But far from spurring riots, strikes, and murders like those witnessed in developing nations, the price hikes have had little noticeable effect on Sweden's higher-end restaurants, markets, and butcheries.
At Mäster Anders in the ritzy Kungsholmen district, lunch was already getting underway by 11:15 a.m. as black-clad hostesses showed customers to their tables.
The restaurant serves traditional Swedish cuisine such as herring ($22), char ($40), and raw minced beef ($33). The set lunch featuring fish is 115 kroner ($20).
"Beef has gone up the most, but Swedish meats are always very expensive. I guess fish has increased too," said head chef Anders Palacios.
"We have raised prices on our menu recently, but not too much because I don't want to intimidate people. It hasn't affected the number of customers. It's a busy place."
The food cost increases also haven't forced any menu alterations, he said.
"The only change has been because of ethical reasons—so no more charcoal prawns," Palacios said.
The prawns, farmed intensively in Asia, have been dropped because of concerns over their ecological impact.
Money to Spend
Down the street at the British-style butcher Taylors and Jones, co-owner Gareth Jones is replenishing his stock of bespoke sausages after a hectic weekend.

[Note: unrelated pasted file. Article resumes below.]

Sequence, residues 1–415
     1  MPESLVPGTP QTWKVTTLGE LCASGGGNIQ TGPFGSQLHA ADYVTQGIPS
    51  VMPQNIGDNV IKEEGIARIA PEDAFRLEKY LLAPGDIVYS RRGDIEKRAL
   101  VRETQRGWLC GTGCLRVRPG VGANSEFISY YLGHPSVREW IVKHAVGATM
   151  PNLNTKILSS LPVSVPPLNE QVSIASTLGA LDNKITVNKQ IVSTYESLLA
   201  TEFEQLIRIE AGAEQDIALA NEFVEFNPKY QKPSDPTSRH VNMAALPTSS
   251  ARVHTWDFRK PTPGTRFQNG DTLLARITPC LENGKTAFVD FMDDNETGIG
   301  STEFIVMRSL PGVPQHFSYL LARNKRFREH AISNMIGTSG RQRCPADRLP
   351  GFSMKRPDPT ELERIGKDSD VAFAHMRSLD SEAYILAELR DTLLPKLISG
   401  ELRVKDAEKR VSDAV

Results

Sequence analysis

"The small price increases we've seen so far we're swallowing," Jones said.
"If you're at the premium end of the market we're at, I don't think prices have gone up too much. I think the supermarkets and out-of-town shops have been more affected."
Nor have rising food inflation and grocery bills apparently dented the spending of his clientele.
"Most of our customers are upper to middle class," the Welsh butcher added. "We've only been open six months and our customer base is growing—all we're seeing is an upward trend."
Retailers tell a similar story at Hötorgshallens, an upmarket food hall in Stockholm's Norrmalm area.
Kajsa Karlsson of the delicatessen Bondens Matbord is busy slicing up organic label salamis and cheeses. She can tell you the Swedish region and even the farm each product is from.
"People want this sort of food, so we don't have a problem," Karlsson said. "We haven't had to change our prices, and we couldn't lower them because we are so small."
Ken Fujinuma is a sales assistant at Hav, a downtown fishmonger and party caterer. Lobster, octopus, Baltic herring, pike, perch, salmon, and halibut are among the items on display.
The wholesale price of farmed fish hasn't budged, Fujinuma said, adding, "It's our local Swedish fishes that have gone up.
"We have raised the cost of some of our homemade products like picked herring," he continued, "but, you know, our customers tend to have more money."
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